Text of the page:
In the very least, Carpeles has been plausibly accused by former employees of acute incompetence, and Japan prosecutors claim he took the $3 million out of the exchange to fund his personal projects without properly documenting the transfers, a fact prosecutors claim indicates that Carpeles had no intention of returning the funds.

Prosecutors are seeking 10 years imprisonment for Carpeles, who said in a final statement on the 27th day of the trial:

“We were sorry we did not prevent (the) hacking. We insist (we are) not guilty (of) every sin.”


More Details Surface on the Extradition of Romanian Crypto Exchange Operator to US

A Romanian citizen arrested last week by local cyber police and American Secret Service agents has been released on bail in the city of Cluj where he runs one of the region’s largest crypto exchanges.

The agents flew to Romania to seek the arrest and extradition of to Vlad Nistor, 30, CEO of the Coinflux exchange.

He is reportedly wanted in the US to face charges relating to his running of Coinflux, including charges of fraud, computer fraud, leading an organized crime group and money laundering.

Bail conditions stipulate that Nistor must remain in the region of Cluj for a period of “judicial control” totalling 30 days.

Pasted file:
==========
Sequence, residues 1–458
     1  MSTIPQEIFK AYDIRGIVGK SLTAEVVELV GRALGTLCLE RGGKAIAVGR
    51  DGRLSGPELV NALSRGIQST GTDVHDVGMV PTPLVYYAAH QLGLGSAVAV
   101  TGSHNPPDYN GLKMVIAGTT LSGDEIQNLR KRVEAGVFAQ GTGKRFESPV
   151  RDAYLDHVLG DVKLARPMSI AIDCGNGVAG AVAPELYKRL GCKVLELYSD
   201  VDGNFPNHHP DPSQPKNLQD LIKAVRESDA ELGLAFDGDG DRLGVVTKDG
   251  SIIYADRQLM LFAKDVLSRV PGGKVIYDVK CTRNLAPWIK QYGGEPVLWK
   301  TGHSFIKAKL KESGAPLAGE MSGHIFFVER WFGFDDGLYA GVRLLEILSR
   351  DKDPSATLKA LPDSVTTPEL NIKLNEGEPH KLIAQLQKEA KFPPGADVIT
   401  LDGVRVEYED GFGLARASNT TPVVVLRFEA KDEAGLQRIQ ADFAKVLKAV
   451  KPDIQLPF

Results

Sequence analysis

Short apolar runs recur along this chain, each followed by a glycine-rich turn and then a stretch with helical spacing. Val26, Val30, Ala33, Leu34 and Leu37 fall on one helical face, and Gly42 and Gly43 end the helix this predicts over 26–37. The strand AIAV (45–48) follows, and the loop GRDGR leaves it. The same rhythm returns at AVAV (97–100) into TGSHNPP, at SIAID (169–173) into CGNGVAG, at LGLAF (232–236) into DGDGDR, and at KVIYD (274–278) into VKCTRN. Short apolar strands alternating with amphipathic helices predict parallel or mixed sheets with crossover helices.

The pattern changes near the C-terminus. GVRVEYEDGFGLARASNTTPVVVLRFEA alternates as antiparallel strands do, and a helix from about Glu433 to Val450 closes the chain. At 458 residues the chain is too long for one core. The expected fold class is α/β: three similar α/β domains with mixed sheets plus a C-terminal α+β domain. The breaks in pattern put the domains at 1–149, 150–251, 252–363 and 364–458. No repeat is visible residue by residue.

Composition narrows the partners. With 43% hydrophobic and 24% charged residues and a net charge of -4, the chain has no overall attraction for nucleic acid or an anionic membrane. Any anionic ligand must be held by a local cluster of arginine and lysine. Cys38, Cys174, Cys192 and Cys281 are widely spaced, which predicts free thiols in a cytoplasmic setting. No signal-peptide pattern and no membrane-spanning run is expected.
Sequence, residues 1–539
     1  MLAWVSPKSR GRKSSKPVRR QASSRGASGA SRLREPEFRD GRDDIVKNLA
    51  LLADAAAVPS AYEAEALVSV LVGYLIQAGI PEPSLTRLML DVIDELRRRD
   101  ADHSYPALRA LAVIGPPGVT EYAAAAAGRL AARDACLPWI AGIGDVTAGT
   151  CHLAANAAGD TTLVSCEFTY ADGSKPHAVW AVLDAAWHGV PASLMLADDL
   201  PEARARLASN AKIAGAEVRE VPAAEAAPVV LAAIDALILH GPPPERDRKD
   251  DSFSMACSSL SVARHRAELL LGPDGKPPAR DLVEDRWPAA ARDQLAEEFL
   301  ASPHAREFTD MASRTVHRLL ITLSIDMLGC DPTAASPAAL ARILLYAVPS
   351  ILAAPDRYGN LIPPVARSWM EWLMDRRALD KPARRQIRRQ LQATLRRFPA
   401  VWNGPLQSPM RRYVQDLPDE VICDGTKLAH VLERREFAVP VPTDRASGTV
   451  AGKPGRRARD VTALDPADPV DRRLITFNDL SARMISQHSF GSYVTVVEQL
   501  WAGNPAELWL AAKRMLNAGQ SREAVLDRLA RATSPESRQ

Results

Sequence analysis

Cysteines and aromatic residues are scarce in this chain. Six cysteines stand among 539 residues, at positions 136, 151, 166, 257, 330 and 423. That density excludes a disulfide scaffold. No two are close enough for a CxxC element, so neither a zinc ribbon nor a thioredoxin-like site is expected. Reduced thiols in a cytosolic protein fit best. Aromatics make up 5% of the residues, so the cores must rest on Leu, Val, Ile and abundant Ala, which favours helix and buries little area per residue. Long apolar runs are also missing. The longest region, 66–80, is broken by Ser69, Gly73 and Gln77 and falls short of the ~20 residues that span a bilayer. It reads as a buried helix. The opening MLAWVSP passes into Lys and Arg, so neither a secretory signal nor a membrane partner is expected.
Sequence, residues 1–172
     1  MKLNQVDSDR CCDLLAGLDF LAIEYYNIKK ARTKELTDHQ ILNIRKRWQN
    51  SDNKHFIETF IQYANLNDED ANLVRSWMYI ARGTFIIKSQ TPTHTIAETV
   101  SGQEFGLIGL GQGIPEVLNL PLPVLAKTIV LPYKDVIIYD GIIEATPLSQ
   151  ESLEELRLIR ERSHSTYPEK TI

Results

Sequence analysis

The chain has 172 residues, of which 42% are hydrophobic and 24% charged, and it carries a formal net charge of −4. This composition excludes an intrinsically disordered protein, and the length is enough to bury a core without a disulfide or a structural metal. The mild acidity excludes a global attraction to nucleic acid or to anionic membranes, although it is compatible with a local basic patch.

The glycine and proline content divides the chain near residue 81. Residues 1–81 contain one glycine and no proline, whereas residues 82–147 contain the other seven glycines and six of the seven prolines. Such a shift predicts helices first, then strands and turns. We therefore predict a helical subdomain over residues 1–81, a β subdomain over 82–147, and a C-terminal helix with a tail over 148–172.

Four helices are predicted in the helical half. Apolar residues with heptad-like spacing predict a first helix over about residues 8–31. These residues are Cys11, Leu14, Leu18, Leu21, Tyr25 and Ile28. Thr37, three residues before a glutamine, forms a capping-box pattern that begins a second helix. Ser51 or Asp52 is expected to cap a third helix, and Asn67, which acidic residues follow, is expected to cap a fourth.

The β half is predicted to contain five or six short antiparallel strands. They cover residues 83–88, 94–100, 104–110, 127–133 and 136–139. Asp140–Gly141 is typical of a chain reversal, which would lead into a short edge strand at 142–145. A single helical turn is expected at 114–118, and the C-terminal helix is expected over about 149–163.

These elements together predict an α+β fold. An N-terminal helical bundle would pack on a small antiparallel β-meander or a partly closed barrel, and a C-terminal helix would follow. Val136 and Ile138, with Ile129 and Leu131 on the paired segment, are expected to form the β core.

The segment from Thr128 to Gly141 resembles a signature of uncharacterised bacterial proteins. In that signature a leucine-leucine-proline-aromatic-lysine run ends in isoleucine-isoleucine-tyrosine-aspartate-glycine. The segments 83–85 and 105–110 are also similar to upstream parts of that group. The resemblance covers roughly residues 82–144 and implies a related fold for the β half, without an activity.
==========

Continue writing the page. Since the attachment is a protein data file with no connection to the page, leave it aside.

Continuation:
Nistor, who reportedly has 7-years of experience in the financial sector, including time spent managing a large retirement savings fund, must refrain from doing any financial transactions while in Cluj.

Coinflux, meanwhile, is shut down following the freezing of its bank accounts.

The exchange communicated the following about the closure in a blog post:

“Due to a recently started, unexpected investigation, we are in the unpleasant situation of temporarily stopping any digital currency exchanges … We are doing all possible efforts, along with our legal advisers, to make sure everyone who had money deposited in Coinflux wallets gets it back.”

The post also states that the exchange has lost administrative control of its website and email list but hopes to restore its access to these, “within the next days.”

Nistor’s arrest has been protested by writers in local media and, reportedly, by lawyers, who have argued the facts presented to them regarding Nistor’s supposed crimes are thin.

At least one outlet has described the arrest of Nistor as illegal and an instance of the overreaching use of Romania’s extradition treaty with the US.

A Russian national called Alexander Vinnick has been being held for over a year in prison in Greece as several countries vie to have him extradited for alleged financial crimes.

Vinnick was the alleged administrator of the now-defunct BTC-e, which was based in London.